Prime Minister Pedro Passos Coelho is battling rising joblessness and a deepening recession as he cuts spending and raises taxes to meet terms of a 78 billion-euro ($101 billion) rescue plan monitored by the European Union, the International Monetary Fund and the European Central Bank, known as the Troika. Coelho announced measures on May 3 intended to generate savings of about 4.8 billion euros through 2015 that include reducing the number of state workers.
“In the next few hours, I will try to clarify and guarantee with the CDS party all the conditions for the stability of the government and to proceed with the strategy of overcoming the nation’s crisis,” Passos Coelho said in a speech last night. He declined to resign and said he was convinced the parties would be able to overcome any differences.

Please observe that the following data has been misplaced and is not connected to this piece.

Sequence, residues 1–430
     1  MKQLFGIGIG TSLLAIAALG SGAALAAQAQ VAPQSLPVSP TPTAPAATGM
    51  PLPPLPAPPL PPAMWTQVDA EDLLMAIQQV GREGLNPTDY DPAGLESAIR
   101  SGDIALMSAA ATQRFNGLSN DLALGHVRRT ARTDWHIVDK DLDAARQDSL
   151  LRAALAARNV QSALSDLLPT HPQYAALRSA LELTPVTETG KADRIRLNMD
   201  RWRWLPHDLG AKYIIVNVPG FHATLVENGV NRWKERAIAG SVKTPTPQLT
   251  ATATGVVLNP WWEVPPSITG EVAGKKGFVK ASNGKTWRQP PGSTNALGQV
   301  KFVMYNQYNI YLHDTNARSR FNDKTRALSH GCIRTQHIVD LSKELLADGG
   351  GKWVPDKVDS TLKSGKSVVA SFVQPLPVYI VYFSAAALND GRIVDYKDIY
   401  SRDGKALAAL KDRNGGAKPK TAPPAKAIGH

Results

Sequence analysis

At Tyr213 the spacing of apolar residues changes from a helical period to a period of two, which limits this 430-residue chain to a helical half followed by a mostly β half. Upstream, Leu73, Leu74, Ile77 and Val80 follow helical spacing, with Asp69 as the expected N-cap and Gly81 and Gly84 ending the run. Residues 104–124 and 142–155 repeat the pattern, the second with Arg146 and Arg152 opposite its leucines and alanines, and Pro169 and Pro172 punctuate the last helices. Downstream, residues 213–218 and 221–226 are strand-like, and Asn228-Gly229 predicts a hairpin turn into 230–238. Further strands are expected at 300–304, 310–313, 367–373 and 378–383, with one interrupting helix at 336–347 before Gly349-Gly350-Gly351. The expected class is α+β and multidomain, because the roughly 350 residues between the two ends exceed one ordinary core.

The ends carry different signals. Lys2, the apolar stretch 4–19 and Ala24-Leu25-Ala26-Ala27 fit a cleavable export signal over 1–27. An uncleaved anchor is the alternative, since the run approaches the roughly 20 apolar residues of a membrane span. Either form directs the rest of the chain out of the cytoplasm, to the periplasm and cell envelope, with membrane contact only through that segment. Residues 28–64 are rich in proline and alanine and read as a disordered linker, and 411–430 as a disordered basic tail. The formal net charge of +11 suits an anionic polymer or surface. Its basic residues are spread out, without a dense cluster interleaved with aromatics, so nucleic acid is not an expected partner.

“The grand bargain in the euro zone is that the strong, notablyGermany and the ECB, support the weak and that the weak accept the conditions attached to such support,” Christian Schulz, an economist at Berenberg Bank in London, wrote in a note following the Portuguese resignations. “If one country were to lose the political will to stay the course, tensions in the euro zone could rise again.”
Portugal has planned to return to the bond markets with the country’s aid package scheduled to end in June 2014. The nation sold 10-year bonds on May 7 for the first time in more than two years as a global decline in interest rates spurred demand for higher-yielding assets. Portugal had stopped selling bonds until this year after requesting the bailout in April 2011.